Finally, there was a claim for invasion of privacy based on misappropriation of the right of publicity which requires: (1) the unauthorized use of the plaintiff’s name or likeness; (2) for a commercial or advertising gain.
Intentional Infliction of Emotional Distress
This claim consists of: (1) extreme and outrageous conduct by the defendant; (2) that causes severe emotional distress; and (3) was engaged in either with an intent to cause severe emotional distress or a reckless disregard of the high probability that it would cause severe emotional distress. Extreme and outrageous conduct is behavior which, under the circumstances, goes well beyond all possible bounds of decency and is regarded as shocking, atrocious, and utterly intolerable in a civilized community.
Florida Security of Communications Act
This statutory claim requires: (1) the disclosure of oral communications; (2) in which the plaintiff had a reasonable expectation of privacy; (3) by one who knows or has reason to know that the communications were recorded without plaintiff’s knowledge or consent.
The First Amendment
The court instructed the jury that the newsworthiness of the video was a defense to Bollea’s claim for publication of private facts and a First Amendment defense to each claim. The court explained: “A matter of public concern is one that can be fairly considered as relating to any matter of political, social, or other concern to the community or that is subject to general interest and concern to the public. . . . The line between the right to privacy and the freedom of the press is drawn where the publication ceases to be the giving of information to which the public is entitled, and becomes a morbid and sensational prying into private lives for its own sake, with which a reasonable manner of the public, with decent standards, would say that he or she had no concern.”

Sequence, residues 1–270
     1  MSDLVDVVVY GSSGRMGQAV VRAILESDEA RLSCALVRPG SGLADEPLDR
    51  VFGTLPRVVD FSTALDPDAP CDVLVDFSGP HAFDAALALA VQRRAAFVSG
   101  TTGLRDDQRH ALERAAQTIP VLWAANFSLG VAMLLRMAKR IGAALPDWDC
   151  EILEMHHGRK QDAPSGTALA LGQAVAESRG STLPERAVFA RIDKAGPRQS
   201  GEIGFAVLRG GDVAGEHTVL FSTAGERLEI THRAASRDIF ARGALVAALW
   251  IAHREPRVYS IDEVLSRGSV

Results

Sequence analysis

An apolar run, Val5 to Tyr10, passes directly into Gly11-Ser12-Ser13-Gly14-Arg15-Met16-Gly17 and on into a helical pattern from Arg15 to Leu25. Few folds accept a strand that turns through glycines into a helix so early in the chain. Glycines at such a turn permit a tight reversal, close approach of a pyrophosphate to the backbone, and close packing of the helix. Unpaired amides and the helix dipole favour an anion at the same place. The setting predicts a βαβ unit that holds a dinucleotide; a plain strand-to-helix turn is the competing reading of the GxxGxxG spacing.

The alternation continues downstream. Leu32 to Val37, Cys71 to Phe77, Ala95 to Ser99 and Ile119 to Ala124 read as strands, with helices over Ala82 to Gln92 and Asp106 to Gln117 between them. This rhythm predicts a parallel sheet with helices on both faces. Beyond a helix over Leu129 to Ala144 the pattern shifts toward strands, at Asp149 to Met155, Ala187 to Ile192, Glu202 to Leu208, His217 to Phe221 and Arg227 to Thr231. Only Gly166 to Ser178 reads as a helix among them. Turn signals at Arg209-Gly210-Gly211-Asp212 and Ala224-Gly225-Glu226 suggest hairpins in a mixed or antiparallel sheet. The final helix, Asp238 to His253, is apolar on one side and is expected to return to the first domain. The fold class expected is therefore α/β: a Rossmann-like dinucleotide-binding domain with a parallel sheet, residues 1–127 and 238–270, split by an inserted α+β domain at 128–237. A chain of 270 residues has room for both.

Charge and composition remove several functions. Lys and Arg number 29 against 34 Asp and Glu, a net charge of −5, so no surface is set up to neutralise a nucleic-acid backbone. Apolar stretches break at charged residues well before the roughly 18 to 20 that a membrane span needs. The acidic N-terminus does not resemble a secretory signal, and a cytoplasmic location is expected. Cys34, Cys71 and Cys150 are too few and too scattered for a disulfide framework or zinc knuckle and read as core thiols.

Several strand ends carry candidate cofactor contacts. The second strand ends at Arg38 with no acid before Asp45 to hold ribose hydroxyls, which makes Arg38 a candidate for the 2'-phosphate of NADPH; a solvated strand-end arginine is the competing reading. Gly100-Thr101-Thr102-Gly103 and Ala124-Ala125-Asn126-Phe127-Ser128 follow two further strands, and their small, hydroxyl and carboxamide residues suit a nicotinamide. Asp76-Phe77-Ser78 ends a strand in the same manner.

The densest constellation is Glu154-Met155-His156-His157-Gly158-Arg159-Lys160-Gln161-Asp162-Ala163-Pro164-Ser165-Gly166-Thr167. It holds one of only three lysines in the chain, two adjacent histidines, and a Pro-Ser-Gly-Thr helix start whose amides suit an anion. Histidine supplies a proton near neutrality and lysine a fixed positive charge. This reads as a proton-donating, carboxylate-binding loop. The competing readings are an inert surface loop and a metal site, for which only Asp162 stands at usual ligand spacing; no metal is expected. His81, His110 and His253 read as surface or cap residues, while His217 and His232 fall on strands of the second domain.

As you know, the jury found in favor of Bollea. The jury therefore had to assess damages. Bollea’s experts claimed the video raised the value of the website by $5 million to $15 million. Gawker retorted that it only added $11,000 in value because there were no advertisements next to the video.
The court instructed the jury to award “the amount of money that . . . will fairly and adequately compensate Plaintiff for the emotional distress he experienced as a consequence of the publication of the Video.”
On the misappropriation of the right of publicity, the court instructed the jury to award “an amount of money that . . . will fairly and adequately compensate Plaintiff for any economic damages relating to the publication of the Video.”
The jury awarded compensatory damages in the amount of $55 million for economic damages and another $60 million in pain and suffering. The jury added another $25 million in punitive damages made up of $15 million against Gawker, $10 million against the founder of the site and $100,000 against one of the editors involved. Some media reports suggested Bollea only asked for $100 million in damages. There were reports that the jurors were disgusted by jokes made by Gawker employees at the time of publication and during depositions.